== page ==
Pancreatitis in dogs: The pancreas is a humble but extremely crucial organ. It sits between the stomach and duodenum, and it produces digestive enzymes as well as insulin.
Insulin is an enzyme that helps the cells of the body convert glucose into energy. However, if the pancreas does not produce enough insulin, your dog most likely has diabetes. Various cells are responsible for making digestive enzymes within the pancreas that’s responsible for the proper breaking down of food. And it allows for the absorption of nutrients through the small intestine.
When your dog has pancreatitis, those digestive enzymes overflow in the organ and surrounding tissues, which causes pain and eventually damage. Pancreatitis in dogs occurs when you continue to feed your overweight canine high-fat foods and treats.
High-fat foods and snacks trigger the release of lots of digestive enzymes; however, the process goes rogue, and the enzymes start to digest the cells of the pancreas itself. This action worsens and eventually spreads as long as the organ continues to release more enzymes, which occurs after every meal your dog drinks or eats.
Also, what causes pancreatitis in dogs can be poor blood circulation to the pancreas or blocked pancreatic channels. However, those actions are not common. In general, chronic pancreatitis in dogs is rare in thin canines that get regular exercise and eat a well-balanced and healthy dog pancreatitis diet.
The symptoms of pancreatitis in dogs include severe abdominal pain, a loss of appetite, vomiting, and a fever of 103 degrees or higher. Sometimes, you may see your dog in a “praying” position (head down, front legs folded, and hind legs straight), which seems to help ease the abdominal pain and pressure.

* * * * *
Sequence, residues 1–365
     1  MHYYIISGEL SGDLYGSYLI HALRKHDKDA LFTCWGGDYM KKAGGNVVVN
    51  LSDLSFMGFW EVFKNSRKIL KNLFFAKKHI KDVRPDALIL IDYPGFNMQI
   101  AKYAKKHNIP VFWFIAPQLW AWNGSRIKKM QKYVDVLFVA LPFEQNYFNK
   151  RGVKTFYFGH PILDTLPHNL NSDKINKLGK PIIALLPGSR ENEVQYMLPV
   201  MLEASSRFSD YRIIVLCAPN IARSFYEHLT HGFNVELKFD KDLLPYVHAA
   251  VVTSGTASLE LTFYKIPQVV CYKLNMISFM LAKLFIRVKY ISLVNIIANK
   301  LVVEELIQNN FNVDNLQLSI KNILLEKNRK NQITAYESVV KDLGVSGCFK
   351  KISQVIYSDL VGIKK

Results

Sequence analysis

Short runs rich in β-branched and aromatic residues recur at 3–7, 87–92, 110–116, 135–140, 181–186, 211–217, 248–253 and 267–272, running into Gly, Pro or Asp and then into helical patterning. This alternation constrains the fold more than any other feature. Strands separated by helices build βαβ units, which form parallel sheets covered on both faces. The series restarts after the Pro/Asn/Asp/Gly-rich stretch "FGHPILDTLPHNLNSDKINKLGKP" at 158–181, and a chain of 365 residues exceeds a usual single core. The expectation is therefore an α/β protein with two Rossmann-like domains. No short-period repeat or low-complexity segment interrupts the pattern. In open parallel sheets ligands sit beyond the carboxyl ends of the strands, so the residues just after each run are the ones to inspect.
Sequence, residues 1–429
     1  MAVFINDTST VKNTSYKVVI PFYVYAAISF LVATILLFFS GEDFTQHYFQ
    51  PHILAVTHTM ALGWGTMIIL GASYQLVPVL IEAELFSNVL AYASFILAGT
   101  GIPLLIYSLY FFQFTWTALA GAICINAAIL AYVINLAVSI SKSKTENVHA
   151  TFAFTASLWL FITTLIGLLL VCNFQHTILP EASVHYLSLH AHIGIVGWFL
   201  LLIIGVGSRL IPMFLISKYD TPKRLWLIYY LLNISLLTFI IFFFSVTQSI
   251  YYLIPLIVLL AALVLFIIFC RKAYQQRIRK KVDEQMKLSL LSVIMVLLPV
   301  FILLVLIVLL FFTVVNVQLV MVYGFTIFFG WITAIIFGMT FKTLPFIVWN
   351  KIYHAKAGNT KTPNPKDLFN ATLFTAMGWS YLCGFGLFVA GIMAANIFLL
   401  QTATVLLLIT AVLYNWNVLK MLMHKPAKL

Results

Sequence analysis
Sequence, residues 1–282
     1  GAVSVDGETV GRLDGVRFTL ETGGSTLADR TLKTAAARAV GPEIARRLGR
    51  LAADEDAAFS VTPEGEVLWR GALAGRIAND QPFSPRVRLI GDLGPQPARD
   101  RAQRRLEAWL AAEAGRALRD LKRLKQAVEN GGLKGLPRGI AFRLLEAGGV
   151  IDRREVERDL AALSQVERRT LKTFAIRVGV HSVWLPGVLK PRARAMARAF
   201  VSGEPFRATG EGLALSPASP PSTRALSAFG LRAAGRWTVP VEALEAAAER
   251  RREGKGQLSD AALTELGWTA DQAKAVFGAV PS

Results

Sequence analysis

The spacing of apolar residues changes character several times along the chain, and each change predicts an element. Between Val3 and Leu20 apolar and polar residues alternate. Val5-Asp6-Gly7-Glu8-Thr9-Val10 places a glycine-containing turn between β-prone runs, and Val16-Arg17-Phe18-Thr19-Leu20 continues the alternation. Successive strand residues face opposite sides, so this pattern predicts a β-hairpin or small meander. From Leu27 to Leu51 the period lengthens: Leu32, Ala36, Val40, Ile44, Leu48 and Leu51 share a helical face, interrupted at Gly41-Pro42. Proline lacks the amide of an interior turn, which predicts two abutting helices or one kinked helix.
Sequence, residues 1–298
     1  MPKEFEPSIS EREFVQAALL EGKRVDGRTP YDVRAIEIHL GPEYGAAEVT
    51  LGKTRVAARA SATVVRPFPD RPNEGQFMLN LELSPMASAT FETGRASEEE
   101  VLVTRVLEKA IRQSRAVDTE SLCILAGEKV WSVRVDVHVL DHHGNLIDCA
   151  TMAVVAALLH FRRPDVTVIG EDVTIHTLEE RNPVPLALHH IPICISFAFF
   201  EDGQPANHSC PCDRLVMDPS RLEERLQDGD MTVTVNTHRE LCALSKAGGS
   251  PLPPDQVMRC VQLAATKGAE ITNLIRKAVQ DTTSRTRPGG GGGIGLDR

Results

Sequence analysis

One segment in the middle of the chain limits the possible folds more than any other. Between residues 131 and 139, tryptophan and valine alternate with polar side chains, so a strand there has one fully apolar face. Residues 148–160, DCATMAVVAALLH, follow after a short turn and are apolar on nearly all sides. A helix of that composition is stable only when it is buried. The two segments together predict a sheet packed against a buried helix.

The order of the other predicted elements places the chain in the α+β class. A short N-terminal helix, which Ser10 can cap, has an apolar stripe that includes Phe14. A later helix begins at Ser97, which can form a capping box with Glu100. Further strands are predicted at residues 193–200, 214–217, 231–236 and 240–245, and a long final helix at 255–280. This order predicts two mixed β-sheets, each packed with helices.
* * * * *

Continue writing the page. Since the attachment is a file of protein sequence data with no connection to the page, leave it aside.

Canine pancreatitis is diagnosed by testing for higher than normal levels of the digestive enzymes released by the pancreas into the bloodstream. Also, abdominal X-rays and ultrasound exams can reveal if the pancreas is swollen and in distress.
Pancreatitis in Dogs Treatment
The best dog pancreatitis treatment is to let the digestive tract rest completely, including a veterinary visit and the administering of IV fluids and absolutely no food, medication, or water by mouth. The vet will have to closely monitor your dog because of the widespread release of digestive enzymes and other pancreatic products that can occasionally cause severe complications in the lungs, heart, and kidneys.
The vet will offer your dog small quantities of water about one to three days after the dog’s last vomit; they’ll then have to monitor your companion for vomiting and pain. If the water does not cause any discomfort or complications, the next step is to prescribe a dog pancreatitis diet, including small amounts of low-fat, low-protein food.
Your dog will have to stay in the animal hospital until she can eat and drink without problems or relapses. The most common cause of relapse is eating or drinking too soon. Most dogs’ average time to recover from pancreatitis is several days to a week, which most likely will be in the animal hospital.
Regrettably, pancreatitis in dogs can return weeks or months after the 1st episode if the predisposing factors remain. Take this illness as a wake-up call that your dog needs to slim down and eat healthy dog food for pancreatitis. Also, please keep your dog away from fatty table foods and snacks, and exercise them regularly to keep them healthy for many years to come.
Please do not give in to your dog and continue to feed her human food. Your dog does not need to eat people food. Also, keep the garbage out of reach. According to vets, there are more pancreatitis cases during the holidays, when people and their pets eat more fatty foods.